Japan: anti-government criticism on the rise

Kyoto students gather along the banks of the Kamo River to protest Japan's reliance on nuclear power. One holds a sign saying "Freedom of electricity" and urges the government to transition to other sources of energy.
Sonia Narang

KYOTO, Japan — It used to be that a large group of people holding colorful signs and shouting into megaphones, parading through the streets of just about any city in Japan was hard to come by.

Not anymore.

Or, more to the point, not since the tsunami and earthquake rendered the Fukushima Dai-ichi nuclear power plant a disaster zone on March 11.

Protesters are angry and feel that the government has concealed information, and released partial and/or confusing information relating to the series of disastrous events at the stricken reactor following the tsunami and quake. Just this week, partial meltdown of fuel rods was confirmed at the No. 2 and No. 3 reactors.

In recent weeks, demonstrators have gathered in cities across the country — including Tokyo, Osaka and Kyoto — to openly criticize the Japanese government’s response to the Fukushima power plant meltdown.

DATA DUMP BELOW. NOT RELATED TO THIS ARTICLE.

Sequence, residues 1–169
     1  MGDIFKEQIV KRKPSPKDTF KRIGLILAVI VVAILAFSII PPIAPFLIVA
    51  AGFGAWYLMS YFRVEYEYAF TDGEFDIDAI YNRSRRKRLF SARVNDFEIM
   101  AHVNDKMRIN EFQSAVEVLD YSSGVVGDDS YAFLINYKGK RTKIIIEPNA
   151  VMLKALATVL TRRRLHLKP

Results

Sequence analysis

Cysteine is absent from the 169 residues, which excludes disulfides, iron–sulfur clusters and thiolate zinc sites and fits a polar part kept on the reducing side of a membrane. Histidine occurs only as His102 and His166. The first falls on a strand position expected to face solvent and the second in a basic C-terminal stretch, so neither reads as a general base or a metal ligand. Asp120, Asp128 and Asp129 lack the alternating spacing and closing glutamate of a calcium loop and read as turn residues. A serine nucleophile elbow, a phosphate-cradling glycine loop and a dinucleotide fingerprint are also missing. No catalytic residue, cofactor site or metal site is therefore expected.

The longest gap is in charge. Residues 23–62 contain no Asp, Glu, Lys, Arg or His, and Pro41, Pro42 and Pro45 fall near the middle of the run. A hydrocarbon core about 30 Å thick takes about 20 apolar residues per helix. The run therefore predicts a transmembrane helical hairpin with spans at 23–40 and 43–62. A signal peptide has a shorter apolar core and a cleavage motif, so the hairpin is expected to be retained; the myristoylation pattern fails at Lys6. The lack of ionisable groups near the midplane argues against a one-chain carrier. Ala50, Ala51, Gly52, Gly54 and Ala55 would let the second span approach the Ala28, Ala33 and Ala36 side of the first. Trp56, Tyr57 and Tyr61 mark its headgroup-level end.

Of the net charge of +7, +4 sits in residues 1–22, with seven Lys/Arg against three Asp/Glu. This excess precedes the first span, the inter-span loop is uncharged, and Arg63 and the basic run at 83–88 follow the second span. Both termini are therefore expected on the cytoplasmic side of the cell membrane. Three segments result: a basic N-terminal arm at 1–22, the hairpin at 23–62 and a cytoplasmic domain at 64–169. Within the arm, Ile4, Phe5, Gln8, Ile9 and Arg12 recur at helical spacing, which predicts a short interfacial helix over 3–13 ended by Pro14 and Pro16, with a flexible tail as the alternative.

Many say they have been against nuclear power for a long time, but no one has listened until now.

In a country where conformity is valued and large-scale public criticism is rare, these rallies have become a common sight.

Last Thursday, as the sun went down over Japan’s historic and cultural capital, Kyoto, a group of about 250 people assembled at the banks of the Kamo River to protest Japan’s reliance on nuclear energy.

Japan has 54 nuclear plants and as of March, nuclear energy made up 30 percent of Japan's electricity grid. This amount was expected to increase to 40 percent by 2017 and up to 50 percent by 2030, according to Reuters/World Nuclear Association.

Prime Minister Naoto Kan is expected to reaffirm his nation's commitment to nuclear power at the G8 summit later this week. 

At the Kyoto demonstration — held everyday in the city center last week — protesters shouted slogans like “Genpatsu iranai” (“We don’t need nuclear power”).

Many criticized government officials and the Tokyo Electric Power Company (TEPCO), which runs the Fukushima plant, for not releasing information regarding dangerous levels of radiation around the stricken plant.